The John Bowen Chronicles: Part 5
& the breakthrough "RD concept"
So, I had finished the four plug-ins to complete my first Big Bundle obligation. It was June 2000...and I was needing a break, after 6 months of cranking things out. The Ambient synth had taken a lot more work than I had thought - the complexities of the mod matrix routing for all those different sections, just enormous! I enjoyed the month of July without too much on my mind.....but then in August, I got another email from the customer who had pushed me to add custom stuff to the Orion, way back in the beginning. This time he wanted many more variations, add X, Y, and Z, too, while you're at it!
I was customizing some of the synths with various colors offered, and I didn't mind so much to address these special requests for additional functions as well, but I decided that if this was going to continue, I needed to find a better way. And then it came to me....that Better Way was a concept that I thought would really stir up the synth plug-in world - why not set up the synth to have a basic shell of a structure, and then allow for the end user to decide on the ultimate configuration? The idea of this got me tremendously excited! I didn't know if anyone else had done this yet, but I was convinced it was an absolutely genius way to go :-D . I thought about using the FX Insert slots that the Scope library provided - would those work for my idea, and what were the limitations? Excitedly, I opened up the FX Insert module and looked over all the provided connections (called 'Pads' in Scope-speak). I was very unfamiliar with the deeper details of this module, and I didn't have any written explanation of how things worked, but I knew I could drag and drop modules into these slots, and somehow the Scope program knew to automatically connect them by some protocol, and I had to figure it out.
A lot of trial and error testing ensued. I noted how the FX modules' pads were labeled....hmmmmm, seemed simple enough, InL and InR, OutL and OutR. That was for the stereo FX. A mono FX only showed In and Out, that's interesting....what decides if they're Mono or Stereo? Ah, there's a pad for that....what about more than 2 inputs/outputs? This was crucial, because I wanted to have the Oscillators be able to (1) track frequency, (2) have waveshape control, and (3) have the ability for hard sync, which would require a separate frequency input. I looked into the Script file that made up the FX Insert module - thinking I could re-write it somehow to include expandable ins and outs (since the Scope library had a mixer module that could do that)....but I wasn't able to ever get it to work.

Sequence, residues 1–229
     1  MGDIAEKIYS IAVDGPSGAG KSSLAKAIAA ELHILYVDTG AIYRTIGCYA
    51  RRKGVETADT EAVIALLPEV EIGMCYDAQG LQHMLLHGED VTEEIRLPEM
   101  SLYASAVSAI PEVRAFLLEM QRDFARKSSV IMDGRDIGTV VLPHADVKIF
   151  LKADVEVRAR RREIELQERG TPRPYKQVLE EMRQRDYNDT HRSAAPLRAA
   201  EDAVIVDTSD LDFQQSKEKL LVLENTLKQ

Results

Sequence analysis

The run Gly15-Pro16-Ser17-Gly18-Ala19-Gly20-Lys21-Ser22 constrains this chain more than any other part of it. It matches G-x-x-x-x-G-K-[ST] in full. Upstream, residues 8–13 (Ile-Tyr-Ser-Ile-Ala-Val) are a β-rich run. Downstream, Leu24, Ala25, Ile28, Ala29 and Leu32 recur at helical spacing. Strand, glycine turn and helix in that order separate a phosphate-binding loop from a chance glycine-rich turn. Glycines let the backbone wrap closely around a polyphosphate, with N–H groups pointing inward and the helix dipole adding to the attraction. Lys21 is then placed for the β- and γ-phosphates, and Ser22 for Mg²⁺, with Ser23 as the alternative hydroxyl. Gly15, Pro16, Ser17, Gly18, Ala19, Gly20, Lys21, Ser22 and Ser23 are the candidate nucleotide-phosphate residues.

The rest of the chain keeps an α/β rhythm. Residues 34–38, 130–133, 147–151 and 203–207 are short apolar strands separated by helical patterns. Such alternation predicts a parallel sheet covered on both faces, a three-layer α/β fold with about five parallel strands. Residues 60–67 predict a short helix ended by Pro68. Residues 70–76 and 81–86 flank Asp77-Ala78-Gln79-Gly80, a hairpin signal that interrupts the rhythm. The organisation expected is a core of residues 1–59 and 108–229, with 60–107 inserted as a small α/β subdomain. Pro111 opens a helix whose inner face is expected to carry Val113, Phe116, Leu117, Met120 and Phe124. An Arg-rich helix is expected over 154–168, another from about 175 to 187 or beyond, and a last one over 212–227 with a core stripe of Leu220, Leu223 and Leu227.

Resigned to the fact that I would only ever have 2 inputs, I tried a system that had several types of modules:
- For Oscillators, I had frequency and shape for the inputs, with the audio out always on the OutL pad. (As I found later, I could also just name them In1/Out1 and In2/Out2.)
- For Filters, I had to input an audio signal on In1, leaving me a frequency control input for cutoff on In2, with no way to control Resonance externally.
- For Envelopes, one of the inputs had to be converted to a Gate/Trigger signal, while the other I used to input modulation, usually of the level (by Velocity, typically).
I took the CombPlus Pro as my start, since it was one of my simplest devices, and started removing oscillators and filters, replacing them with the FX Insert modules. Then I made a few test drop-in modules to see if the concept worked...and it did!
Based on the types of products names I was using (Orion, Dark Star), I decided on the name Red Dwarf for this new synth design (and no, I had never seen nor heard of the British SciFi series - and by the way, Orion and Dark Star were not taken from any other product, preceding other same-named items by a few months in each case). Thus came into being the Red Dwarf or RD system, with the RD series I modules. Since I was unable to present all the controls on the main surface of the 'shell device', I reasoned that each module would need a self-contained control surface with important parameters which the user could access by double-clicking the Insert slot (just as the Scope FX modules did). For example - for the filters, I had to add a Resonance control, since no input was possible for the module. A lot of testing different applications was done to decide just what additional parameters were needed to be provided, and this also affected how the synth shell itself would be designed.